“There’s no written music,” Janes said. “If you listen carefully, [Morse] puts in little things. One time he put the French national anthem in there. Another time ‘If I Only Had a Brain’ from The ‘Wizard of Oz’…you have to listen carefully to what he’s playing, because it’s very inspired.”

But perhaps the most unique aspect of the dance’s music is its rhythm, which is thumped out by Janes running on a treadmill. The treadmill serves as a metronome for the piece, escalating in tempo as the dancers increase their speed, the pianist plays faster, and the lights shine brighter.

“The sound of the footsteps on the treadmill are what give the dance its underlying sense of time,” Janes said.

As for why Janes will personally be starring on the treadmill, he explained that he didn’t want the dancers to burn out with excessive running when they have so many other rehearsals, classes, and dances to undertake. 

“Besides,” he said, “it’s good for me to get fit.”


The salon’s fifth dance is a collaboration between Diamond and Janes titled “Environment.” It is the only dance of the evening that features brand-new choreography — the other dances are restaged, now-revived works that were performed in both Chautauqua and Charlotte several years ago.

Diamond calls “Environment” a “work in progress.” He said that it is a commissioned piece by Kay H. Logan, which will be performed in its entirety in July for the Dance Innovations program. For now, however, the audience will just be treated to excerpts of the dance.

“We’re just sort of reacting to the music,” Diamond said of the dance’s style. “We’re representing different environments. They could be psychological. They could be geological. They could be a kind of mood that’s created.”

The soft-shoe ballet, which is intended to be very abstract, is set to “Variations on a Theme of Frank Bridge” by Benjamin Britten.


The final piece of the Chautauqua Dance Salon is a Diamond ballet performance called “Recycling.” 

The dance is deconstructed into two sections. The first section, which Diamond dubbed “Homeless,” plays with the old adage that “one man’s trash is another man’s treasure.” It focuses on a homeless woman who is able to see the value in things the world deems worthless.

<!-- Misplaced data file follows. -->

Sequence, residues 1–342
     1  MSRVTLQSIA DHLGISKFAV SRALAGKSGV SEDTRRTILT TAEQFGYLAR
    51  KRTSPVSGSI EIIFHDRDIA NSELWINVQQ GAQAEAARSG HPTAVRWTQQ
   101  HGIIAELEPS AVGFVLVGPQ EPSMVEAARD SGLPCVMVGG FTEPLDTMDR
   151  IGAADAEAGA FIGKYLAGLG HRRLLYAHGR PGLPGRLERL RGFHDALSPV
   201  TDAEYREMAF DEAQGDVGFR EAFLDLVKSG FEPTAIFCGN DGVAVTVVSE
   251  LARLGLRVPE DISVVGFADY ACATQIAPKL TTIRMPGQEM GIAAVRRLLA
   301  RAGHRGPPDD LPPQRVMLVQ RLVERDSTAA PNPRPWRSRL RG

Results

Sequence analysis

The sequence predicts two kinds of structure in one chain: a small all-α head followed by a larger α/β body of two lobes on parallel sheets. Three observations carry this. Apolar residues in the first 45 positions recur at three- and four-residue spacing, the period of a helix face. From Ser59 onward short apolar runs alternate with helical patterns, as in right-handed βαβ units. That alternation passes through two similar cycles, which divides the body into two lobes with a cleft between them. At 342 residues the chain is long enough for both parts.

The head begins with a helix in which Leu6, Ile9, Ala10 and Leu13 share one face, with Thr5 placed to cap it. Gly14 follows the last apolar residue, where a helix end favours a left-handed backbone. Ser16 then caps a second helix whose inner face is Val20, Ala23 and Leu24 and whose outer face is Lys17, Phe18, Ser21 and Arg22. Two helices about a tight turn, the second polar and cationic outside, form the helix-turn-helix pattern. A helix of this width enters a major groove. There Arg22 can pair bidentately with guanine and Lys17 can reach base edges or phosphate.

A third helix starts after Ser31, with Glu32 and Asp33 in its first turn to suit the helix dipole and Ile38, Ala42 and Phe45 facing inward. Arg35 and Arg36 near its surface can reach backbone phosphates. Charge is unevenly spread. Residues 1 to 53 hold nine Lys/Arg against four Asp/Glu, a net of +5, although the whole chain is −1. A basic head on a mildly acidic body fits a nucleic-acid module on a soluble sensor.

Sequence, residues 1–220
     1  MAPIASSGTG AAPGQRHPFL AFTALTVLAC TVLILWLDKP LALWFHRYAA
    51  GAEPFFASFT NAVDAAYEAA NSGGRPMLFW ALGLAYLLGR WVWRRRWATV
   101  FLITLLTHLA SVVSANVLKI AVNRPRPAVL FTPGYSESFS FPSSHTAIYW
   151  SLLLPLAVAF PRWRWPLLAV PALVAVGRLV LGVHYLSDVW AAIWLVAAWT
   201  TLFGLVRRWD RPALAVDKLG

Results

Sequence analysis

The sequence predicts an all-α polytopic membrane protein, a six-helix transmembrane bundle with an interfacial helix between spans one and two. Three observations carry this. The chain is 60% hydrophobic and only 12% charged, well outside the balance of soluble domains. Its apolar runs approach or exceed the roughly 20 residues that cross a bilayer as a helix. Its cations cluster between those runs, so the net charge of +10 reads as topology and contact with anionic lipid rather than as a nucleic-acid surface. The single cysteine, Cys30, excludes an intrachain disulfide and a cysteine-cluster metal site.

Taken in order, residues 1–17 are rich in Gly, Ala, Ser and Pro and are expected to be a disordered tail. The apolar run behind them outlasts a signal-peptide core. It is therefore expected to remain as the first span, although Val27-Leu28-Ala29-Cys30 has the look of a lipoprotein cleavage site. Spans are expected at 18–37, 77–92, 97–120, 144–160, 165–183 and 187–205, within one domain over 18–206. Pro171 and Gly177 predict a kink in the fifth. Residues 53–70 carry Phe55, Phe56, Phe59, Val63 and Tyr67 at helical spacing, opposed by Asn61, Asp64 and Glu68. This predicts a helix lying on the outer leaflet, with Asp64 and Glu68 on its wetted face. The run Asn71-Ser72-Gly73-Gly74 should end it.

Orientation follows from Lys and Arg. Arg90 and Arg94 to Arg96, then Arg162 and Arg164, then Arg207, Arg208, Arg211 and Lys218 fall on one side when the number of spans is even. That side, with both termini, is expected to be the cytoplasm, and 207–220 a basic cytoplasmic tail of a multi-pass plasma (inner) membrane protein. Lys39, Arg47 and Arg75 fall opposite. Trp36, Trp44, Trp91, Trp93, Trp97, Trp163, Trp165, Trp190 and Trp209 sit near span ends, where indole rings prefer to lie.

“This woman values every little thing she finds on the ground,” Diamond said. “It’s an extreme where everybody else throws things away, but this woman finds them, and to her, they’re precious.”

From there, the dance merges into its second section, a sort of fashion runway which is boosted along by a techno beat. The techno music is the creation of Diamond himself, who mixed the tune specifically for the dance.

But Diamond wasn’t the only one creating original art for this piece. He also recruited the talents of his daughter, Erika Diamond, a visual artist who works in Chautauqua. When “Recycling” was originally performed — roughly five years ago, according to Diamond — Erika designed all of the costumes out of recycled trash.

“One costume is made out of old CDs that were thrown away; another is made out of garbage bags,” Diamond said.

His daughter has since repaired the costumes, fixing old problems and making some updated changes to keep them looking fresh. Although they are made out of reused trash, Diamond maintains that they will look like anything but garbage onstage.

“From a distance they should look like pretty, interesting costumes,” he said.

A Green Theme

With limited time to prepare for a show so early in the season, the dance sector of the Chautauqua community has been crackling with vibrant energy and commotion. Despite jam-packed schedules, however, the dancers are looking forward to the first performance of the year — not only for fine dancing, but for the message behind the movement as well.

“The environment is a big topic of the time,” Diamond said of why he chose the theme. “I thought it would be natural to do something that is so much in everyone’s minds, that everybody is talking about.”